Lin-Manuel Miranda’s staggeringly successful musical is in its third month here in Chicago, and all signs indicate that it’s here to stay. I was lucky enough to sit in a packed house this past weekend. My view from the cheap seats was obstructed such that I had to crane my neck the entire performance, but I was delighted to see this show in my city at last.
The musical may proclaim New York to be the “greatest city in the world,” but to me, Hamilton means something special to Chicago, a city that is diverse yet massively segregated. The city’s art scene is in the middle of a push for greater representation of people of color, but the difficulties inherent in these challenges are evident. This past October, for instance, a Second City actor quit his job after experiencing repeated racist remarks from audience members. This is by no means an isolated incident—artists city-wide are grappling with how to make their voices heard.
Meanwhile, Hamilton is poised to be not just a success in Chicago, but perhaps a healing force. Its story reaches people far beyond Broadway lovers in the Big Apple (so long as they’re willing to shell out hundreds of dollars per ticket). So many people believe in the transformative—need I say revolutionary?—power of this show: Its race-conscious casting promises unprecedented opportunities for people of color, while its inimitable pace excites both performers and audience members.
I cannot overstate the successes of the Chicago cast. Joshua Henry as Burr grips the audience’s attention from the moment he takes the stage and doesn’t let go. Karen Olivo’s Angelica is the definition of girl power. Chris De’Sean Lee, a young debut performer, astounds in his dynamic portrayals of Lafayette and Jefferson. The entire cast as a whole has an incredible collective power that left me wanting more at curtain time. I could go on.
Even so, Hamilton in Chicago is not completely what I envisioned. Sure, I felt a unity with the audience around me as tears rolled down our faces during “It’s Quiet Uptown” (and, let’s be honest, innumerable moments before and after that). But I was forced to confront a glaring reality: The audience with whom I shared this experience was enormously, undeniably white.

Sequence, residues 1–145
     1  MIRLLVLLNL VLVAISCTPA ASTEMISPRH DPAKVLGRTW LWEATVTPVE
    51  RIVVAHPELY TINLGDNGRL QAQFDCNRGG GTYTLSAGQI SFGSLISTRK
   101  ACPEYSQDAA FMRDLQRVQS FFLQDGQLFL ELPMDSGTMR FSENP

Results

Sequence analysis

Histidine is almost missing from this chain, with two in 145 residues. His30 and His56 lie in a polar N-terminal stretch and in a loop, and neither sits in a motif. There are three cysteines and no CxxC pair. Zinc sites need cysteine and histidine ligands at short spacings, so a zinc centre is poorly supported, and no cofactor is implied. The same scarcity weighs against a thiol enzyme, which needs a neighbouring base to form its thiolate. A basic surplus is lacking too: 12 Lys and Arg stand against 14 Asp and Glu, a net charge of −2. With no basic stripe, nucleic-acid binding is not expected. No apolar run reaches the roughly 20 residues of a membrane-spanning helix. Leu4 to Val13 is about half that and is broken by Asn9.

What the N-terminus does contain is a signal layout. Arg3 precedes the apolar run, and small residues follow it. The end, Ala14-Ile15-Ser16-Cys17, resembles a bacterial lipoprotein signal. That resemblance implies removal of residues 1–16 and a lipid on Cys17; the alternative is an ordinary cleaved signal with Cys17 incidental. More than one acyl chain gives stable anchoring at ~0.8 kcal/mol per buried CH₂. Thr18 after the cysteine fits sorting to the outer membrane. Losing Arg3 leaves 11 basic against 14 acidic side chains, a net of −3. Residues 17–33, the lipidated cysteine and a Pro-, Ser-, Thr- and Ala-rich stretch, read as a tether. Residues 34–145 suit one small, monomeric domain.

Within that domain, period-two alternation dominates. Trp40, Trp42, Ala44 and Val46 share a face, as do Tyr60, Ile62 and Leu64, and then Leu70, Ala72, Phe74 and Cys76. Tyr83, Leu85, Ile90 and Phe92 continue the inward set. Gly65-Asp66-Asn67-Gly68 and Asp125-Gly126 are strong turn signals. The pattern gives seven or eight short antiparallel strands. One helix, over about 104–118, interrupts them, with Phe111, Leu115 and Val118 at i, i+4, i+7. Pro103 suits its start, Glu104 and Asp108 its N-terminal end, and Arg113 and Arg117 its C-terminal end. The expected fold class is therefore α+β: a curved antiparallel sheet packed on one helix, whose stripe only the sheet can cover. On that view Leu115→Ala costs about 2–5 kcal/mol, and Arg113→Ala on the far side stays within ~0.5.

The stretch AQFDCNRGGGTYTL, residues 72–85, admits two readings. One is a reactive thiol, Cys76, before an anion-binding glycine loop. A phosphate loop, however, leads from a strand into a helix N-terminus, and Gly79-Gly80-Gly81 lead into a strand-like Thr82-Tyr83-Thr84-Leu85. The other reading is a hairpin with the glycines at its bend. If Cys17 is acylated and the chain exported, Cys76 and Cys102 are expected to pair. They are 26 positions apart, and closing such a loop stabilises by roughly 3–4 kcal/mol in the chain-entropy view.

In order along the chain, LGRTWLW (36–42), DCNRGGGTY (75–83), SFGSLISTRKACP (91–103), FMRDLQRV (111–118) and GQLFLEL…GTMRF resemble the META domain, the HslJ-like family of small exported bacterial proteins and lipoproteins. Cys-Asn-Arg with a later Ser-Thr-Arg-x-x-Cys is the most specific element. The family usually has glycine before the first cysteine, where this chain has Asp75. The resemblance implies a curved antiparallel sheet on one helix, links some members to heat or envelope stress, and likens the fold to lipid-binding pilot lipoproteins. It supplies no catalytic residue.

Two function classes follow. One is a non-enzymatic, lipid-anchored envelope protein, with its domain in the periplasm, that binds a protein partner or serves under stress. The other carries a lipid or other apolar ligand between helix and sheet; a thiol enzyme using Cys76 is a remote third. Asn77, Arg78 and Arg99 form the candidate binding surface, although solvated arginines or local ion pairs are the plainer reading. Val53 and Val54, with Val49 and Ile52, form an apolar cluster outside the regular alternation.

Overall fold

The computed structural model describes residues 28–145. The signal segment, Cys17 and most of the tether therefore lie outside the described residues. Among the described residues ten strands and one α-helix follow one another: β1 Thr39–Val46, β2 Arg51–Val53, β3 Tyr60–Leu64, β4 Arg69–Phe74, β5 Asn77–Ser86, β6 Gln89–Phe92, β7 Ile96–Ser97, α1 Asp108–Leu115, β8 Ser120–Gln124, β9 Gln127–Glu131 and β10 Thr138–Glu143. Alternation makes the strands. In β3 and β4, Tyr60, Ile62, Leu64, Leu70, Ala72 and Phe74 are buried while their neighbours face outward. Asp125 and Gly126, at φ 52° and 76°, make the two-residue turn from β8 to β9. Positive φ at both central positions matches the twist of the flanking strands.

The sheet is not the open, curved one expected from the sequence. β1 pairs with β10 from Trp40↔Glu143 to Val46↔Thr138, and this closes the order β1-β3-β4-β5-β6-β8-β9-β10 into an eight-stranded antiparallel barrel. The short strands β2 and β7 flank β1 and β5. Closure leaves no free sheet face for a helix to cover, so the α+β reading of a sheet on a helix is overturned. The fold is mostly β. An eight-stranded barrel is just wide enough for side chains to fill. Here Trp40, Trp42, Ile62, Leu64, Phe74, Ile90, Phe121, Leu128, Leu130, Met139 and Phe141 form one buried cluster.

The show’s entire cast asks a simple question as Alexander Hamilton’s life draws to a close: Who tells your story? After seeing this show, I wondered, Who hears it? If the answer is almost exclusively affluent white Americans, then it hasn’t reached far enough yet. Not by a long shot.
A follow-up question: What do they hear? For many, Hamilton presents an intoxicating promise of progress. In a time of such political strife, it’s tempting to think of Hamilton as a narrative that offers a completely new lens for viewing our nation’s founders. One might think looking through it would uncover every inner working of racism, sexism, and oppression. And that we could unlock the secret to solving them.
Hamilton, however, is not a simple salve for our political wounds, and it never claimed to be. From its first beat to final note, Hamilton tells a familiar and not all-too-revolutionary story: one of rags to riches, of progress, of the American dream. The Hamilton difference is the shift in perspective of the narrator, the glimmer at the beginning of a long effort to reexamine our history and ourselves. I can only hope that the show’s largely white audiences of today, tomorrow, and probably several sold-out months from now leave the theater motivated to engage in politics for the ideals that are so easy to applaud after spending several hundred dollars on a seat.
Without a doubt, Hamilton left me expecting more: more opportunities to engage with art of this caliber, and not just for those who can afford admission. More involvement in issues that matter to our country. More growth, inclusion, and risks by artists and audiences alike to explore something entirely new to them. Mostly, more listening. If you ask me, that is exactly the reaction the show should elicit. Chicago is just Hamilton’s first stop out of New York. Going forward, I have no doubt in the show’s ability to grow as a piece of art, as a community, and as an inspiration for works to come.